The Plague of Business Clickbait
In the Karian and Box office, we may occasionally be guilty of an enjoyable lunch break scroll through the clickbait rabbit warren that is Buzzfeed. Sure, we’ll click on “The Top 10 Cutest Pictures of Dogs Wearing Socks” or “28 Dogs That Will Make Your Day Instantly Better”. But it’s immensely frustrating when the same approach is extended to more serious topics, like workplace psychology and employee engagement.
In the business space, these topics are widely discussed. However, there’s a huge number of clickbait posts that look temptingly flavoursome but offer insubstantial empty calories. One of the issues, perhaps, is the chasm between academia and the rest of the world – academic findings have a habit either of languishing in the niche publications in which they first appeared or being cherry-picked for the juiciest nuggets while ignoring the rest. Sometimes their findings are misreported by the wider media, keen for a satisfying black-and-white headline and less eager to publish stories sketched in shades of grey.
This happens a lot with employee engagement. Countless posts claim to offer the need-to-know business secrets that will make your employees happier, your business healthier and your bottom line more productive. But when something seems too good to be true, it usually is – there aren’t any quick fixes that will solve business issues overnight.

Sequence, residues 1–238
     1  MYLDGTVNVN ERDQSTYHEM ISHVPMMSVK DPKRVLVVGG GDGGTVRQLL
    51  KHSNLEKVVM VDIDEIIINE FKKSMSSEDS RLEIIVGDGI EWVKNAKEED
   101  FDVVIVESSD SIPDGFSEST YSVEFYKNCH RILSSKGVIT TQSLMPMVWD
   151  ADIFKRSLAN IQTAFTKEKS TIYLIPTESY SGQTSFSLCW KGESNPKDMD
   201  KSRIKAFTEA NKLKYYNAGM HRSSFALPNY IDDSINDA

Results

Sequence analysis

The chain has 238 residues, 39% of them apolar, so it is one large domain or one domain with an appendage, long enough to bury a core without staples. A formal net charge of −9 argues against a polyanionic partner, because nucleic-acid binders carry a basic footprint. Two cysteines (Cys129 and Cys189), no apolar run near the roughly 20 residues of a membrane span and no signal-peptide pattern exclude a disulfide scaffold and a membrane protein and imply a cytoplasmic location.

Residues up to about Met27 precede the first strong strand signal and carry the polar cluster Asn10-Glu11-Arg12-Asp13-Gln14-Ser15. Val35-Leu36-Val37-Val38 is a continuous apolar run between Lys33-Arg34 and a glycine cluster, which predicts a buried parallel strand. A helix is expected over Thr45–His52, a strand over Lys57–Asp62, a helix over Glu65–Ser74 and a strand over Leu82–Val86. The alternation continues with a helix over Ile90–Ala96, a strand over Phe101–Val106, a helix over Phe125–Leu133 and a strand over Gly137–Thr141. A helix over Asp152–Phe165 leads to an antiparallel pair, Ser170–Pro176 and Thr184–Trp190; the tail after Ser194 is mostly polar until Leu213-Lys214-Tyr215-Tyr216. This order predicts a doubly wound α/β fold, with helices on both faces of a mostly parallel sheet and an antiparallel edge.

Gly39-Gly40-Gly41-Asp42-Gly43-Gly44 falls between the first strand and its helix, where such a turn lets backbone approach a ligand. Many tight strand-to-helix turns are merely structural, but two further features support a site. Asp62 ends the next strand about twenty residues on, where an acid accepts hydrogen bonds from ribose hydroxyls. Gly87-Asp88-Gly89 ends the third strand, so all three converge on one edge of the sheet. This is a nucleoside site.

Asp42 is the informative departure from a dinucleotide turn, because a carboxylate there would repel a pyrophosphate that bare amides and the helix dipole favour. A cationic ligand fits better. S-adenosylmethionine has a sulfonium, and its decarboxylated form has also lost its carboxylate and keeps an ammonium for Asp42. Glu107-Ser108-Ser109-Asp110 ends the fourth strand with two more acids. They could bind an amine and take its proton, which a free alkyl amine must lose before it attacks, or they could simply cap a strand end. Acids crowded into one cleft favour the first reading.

Even academia isn’t immune to underhand dealings – a 2015 study by U.S. Federal Reserve researchers concluded that almost half of economics papers don’t pass one of the golden tenets of science: the test of replicability.
Employee engagement is a relatively recent concept, but what we’ve found in our research with thousands of employees is that three enablers – vision, team and voice – remain core factors. While some useful takeaway pointers can often be extracted from the melee of articles and posts, a lot of stories simply have the same old messages dressed up in different clothing.
The moral of the story? Always read stories and papers with a questioning view – interrogate claims, make sure they are grounded in evidence and look for different sources that support what they’re saying. It’s best to use common sense and a healthy dose of scepticism when you’re reading up on workplace psychology and business issues.